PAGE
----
How We Searched For Merging Black Holes And Found GW150914

On September 14 2015 the first direct observation of a gravitational wave was made at the LIGO Hanford and Livingston observatories. This event, named GW150914, was emitted by two black holes, each around 30 times the mass of the Sun, merging around a billion light years away. We have recently published a paper giving details about how GW150914 was found and confirmed in LIGO's data.

The LIGO observatories consist of two perpendicular arms, each 4km in length, and use lasers travelling along the arms to measure tiny changes in their length. When a gravitational wave passes through a detector it stretches and squeezes space by a very small amount and it was by observing this effect that LIGO detected GW150914.

But how does LIGO go from these very precise distance measurements to confirmation of a detection?

Matched Filtering

The initial detection was made by a so-called 'burst' search, which searches for any signal that has the general pattern of a gravitational wave. We know that a gravitational-wave signal from two compact objects (black holes or neutron stars) merging should increase in frequency and strength as the objects approach each other; this is known as a 'chirp' signal. Instead of looking for any chirp-like signal we can also compare our data to carefully calculated templates. The shape of a chirp signal depends on the system's properties - the most important being the masses of the objects and how much they are spinning.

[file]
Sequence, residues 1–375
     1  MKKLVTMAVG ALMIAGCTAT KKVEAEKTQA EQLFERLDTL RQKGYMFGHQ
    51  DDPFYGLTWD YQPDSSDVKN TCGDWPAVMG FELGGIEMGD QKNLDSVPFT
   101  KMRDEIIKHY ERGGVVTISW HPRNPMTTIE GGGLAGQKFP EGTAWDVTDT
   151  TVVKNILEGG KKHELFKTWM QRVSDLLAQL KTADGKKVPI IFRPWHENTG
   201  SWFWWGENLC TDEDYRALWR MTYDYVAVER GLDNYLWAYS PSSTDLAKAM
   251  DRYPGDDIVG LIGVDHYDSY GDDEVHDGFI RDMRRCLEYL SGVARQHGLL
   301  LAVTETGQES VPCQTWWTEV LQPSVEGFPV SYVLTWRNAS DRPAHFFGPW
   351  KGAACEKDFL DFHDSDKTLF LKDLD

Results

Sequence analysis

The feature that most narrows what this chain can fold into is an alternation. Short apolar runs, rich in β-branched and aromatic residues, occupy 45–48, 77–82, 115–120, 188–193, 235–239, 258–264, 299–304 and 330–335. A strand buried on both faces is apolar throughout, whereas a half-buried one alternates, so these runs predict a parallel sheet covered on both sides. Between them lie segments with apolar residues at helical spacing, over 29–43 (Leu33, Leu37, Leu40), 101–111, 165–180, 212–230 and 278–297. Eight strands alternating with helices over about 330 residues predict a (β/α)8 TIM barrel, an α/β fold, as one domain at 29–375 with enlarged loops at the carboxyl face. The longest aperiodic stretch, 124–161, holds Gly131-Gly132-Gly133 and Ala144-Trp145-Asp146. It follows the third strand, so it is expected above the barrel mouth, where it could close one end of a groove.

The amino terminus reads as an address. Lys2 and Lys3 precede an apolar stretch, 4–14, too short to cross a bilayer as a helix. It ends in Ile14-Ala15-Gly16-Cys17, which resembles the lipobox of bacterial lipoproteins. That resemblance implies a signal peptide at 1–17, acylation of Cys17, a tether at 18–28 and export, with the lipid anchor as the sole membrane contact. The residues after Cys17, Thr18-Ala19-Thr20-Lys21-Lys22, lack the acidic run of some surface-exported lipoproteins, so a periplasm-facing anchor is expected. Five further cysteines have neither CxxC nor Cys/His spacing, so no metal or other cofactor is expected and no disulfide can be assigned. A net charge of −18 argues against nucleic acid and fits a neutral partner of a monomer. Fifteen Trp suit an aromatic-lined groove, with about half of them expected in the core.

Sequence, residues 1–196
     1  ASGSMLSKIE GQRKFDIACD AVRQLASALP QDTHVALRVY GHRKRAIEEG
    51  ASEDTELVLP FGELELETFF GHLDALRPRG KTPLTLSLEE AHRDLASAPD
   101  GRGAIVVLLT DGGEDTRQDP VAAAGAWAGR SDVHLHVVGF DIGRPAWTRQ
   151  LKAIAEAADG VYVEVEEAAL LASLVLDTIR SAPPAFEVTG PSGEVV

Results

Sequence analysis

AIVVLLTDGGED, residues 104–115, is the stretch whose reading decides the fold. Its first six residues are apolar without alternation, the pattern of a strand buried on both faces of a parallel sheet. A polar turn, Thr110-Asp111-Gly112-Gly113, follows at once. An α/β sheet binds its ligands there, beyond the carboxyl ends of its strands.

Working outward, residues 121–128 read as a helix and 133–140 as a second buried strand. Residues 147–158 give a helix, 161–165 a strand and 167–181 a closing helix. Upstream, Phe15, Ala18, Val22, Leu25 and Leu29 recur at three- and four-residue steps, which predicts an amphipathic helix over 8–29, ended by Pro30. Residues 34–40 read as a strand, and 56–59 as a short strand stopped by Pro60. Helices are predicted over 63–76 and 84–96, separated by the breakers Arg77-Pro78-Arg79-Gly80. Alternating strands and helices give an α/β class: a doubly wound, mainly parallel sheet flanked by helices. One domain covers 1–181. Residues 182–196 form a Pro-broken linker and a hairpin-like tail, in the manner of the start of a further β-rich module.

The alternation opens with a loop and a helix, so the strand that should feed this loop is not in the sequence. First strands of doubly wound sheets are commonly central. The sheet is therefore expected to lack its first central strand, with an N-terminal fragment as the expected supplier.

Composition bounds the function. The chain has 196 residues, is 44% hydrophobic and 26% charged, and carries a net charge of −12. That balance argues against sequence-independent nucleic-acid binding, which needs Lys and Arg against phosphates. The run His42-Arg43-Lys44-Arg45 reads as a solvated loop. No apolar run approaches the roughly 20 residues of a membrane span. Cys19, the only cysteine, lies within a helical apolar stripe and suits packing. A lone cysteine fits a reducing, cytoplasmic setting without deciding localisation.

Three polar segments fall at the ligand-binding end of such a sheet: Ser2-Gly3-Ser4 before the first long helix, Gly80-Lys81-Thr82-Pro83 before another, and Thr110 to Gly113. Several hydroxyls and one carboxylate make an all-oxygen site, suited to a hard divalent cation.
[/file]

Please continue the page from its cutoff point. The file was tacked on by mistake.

A technique known as matched filtering is used to see if there are any signals contained within our data. The aim of matched filtering is to see if the data contains any signals similar to a template bank member. Since our templates should describe the gravitational waveforms for the range of different merging systems that we expect to be able to see, any sufficiently loud signal should be found by this method. A true signal should also cause a 'match' in both detectors within the time it takes to travel between them. Since we know gravitational waves travel at the speed of light we can calculate this time: around 15 milliseconds or less (depending on the direction on the sky from which the gravitational-wave signal emanates).